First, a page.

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WORLD MALARIA DAY: INVESTMENT IN GLOBAL MALARIA PROGRAMS CRUCIAL TO SAVING LIVES, STRENGTHENING GLOBAL HEALTH SECURITY AND PREVENTING FUTURE PANDEMICS


24 countries from every region eliminated malaria since 2000, 25 more on target to eliminate by 2025

Seattle/Washington/Delhi, 22 April Increased investment in malaria programs is crucial to protecting gains to-date, accelerating progress against the disease, and building resilient health systems capable of responding to and preventing COVID-19 and future pandemics.

More than a year into the global COVID-19 response, the pandemic’s impact on the malaria fight remains uncertain. Last year, countries and partners in high malaria burden countries responded quickly and heroically to the pandemic, adapting delivery plans and protocols and using real-time information to deliver more than 90% of planned malaria prevention campaigns. The efforts were critical in avoiding the World Health Organization’s predicted worst-case scenario of a doubling of malaria deaths. In low-burden settings, countries such as El Salvador, which was certified malaria-free in February, maintained their vigilance to keep malaria cases at zero.

However, new research from The Global Fund to End AIDS, Tuberculosis and Malaria suggests malaria diagnoses fell by 31% during 2020, a reminder that countries must urgently invest in programs and broader health systems to accelerate progress against malaria and prevent future health crises.

The pandemic has highlighted that mobilizing frontline capacity and personnel is the most effective approach to reducing the burden of existing infectious diseases and responding to emerging health crises. The recent Leave No Fevers Unresolved report reinforces how community health workers in Uganda, Rwanda, Mozambique, the Greater Mekong Subregion and elsewhere have been upskilled and redeployed to tackle the COVID-19 crisis.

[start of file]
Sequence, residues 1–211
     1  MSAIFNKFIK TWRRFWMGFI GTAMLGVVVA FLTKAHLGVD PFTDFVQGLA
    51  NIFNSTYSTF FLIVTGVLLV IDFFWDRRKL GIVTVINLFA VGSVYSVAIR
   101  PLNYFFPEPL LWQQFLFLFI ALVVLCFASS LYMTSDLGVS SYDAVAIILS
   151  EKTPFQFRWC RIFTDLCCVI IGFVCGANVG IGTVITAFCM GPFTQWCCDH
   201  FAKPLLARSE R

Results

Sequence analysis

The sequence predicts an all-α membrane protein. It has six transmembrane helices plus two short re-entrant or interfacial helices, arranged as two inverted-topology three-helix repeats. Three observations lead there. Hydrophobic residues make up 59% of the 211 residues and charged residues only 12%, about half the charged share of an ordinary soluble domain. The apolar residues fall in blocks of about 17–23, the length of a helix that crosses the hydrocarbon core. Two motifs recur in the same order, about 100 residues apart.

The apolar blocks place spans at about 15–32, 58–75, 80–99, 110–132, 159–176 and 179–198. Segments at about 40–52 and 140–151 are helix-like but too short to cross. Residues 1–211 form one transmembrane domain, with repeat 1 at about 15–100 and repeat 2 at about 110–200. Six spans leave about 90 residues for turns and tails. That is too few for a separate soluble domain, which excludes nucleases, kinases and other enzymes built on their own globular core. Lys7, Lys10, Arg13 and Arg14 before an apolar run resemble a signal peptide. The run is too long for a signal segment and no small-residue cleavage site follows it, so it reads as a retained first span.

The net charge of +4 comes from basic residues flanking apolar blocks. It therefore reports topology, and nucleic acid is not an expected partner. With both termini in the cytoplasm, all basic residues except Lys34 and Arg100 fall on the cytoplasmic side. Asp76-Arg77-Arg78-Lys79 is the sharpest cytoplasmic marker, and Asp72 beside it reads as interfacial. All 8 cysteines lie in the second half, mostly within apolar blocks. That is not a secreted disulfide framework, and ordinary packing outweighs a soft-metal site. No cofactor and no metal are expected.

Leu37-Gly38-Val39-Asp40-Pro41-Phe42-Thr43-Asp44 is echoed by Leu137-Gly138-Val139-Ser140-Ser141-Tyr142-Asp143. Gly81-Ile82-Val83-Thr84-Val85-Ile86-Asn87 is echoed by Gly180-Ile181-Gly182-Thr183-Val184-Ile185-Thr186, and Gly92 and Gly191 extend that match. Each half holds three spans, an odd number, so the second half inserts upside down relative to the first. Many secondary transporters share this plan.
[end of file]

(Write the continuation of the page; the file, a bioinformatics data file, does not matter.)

“The capacities needed to end humanity’s oldest disease, malaria, and its newest one, COVID-19, are largely the same,” said Martin Edlund, CEO of Malaria No More. “Investment in established, high-performing programs by the U.S. President’s Malaria Initiative and the Global Fund can help protect those at greatest risk of malaria and COVID, while building stronger health system capacity to prevent, detect, and respond to the next pandemic.”

Despite the added challenge of COVID-19 this year, malaria elimination remains a viable goal. More countries than ever are on the cusp of elimination, with the World Health Organization yesterday announcing 25 countries in reach of zero malaria cases within five years. Since 2000, thanks to committed governments and sustained funding, dedicated community health workers and effective surveillance, 24 countries from every region of the world reached zero malaria cases and deaths. Some regions, such as the Greater Mekong Subregion, have reduced malaria cases by 97% and deaths by 99% since the turn of the century.

U.S investments vital to success against malaria

As the largest contributor to the global fight to end malaria, U.S. investment, channeled through the U.S. President’s Malaria Initiative (PMI) and The Global Fund, has been essential to saving hundreds of thousands of lives every year and putting the world on a path to ending malaria. By building stronger, safer, and more equitable health systems, these investments also advance global health security, which is critical for preventing the spread of future pandemics.

“President Biden can leverage a life-saving program, the U.S. President’s Malaria Initiative, launched by President Bush in 2005 and championed by Democrats and Republicans in Congress since inception. Surging malaria interventions would immediately help to save lives from COVID-19 and, malaria, and advance our capabilities in pandemic surveillance and preparedness for current and future global health threats,” said Kara Saleeby, Director, Global Policy & Advocacy, Malaria No More.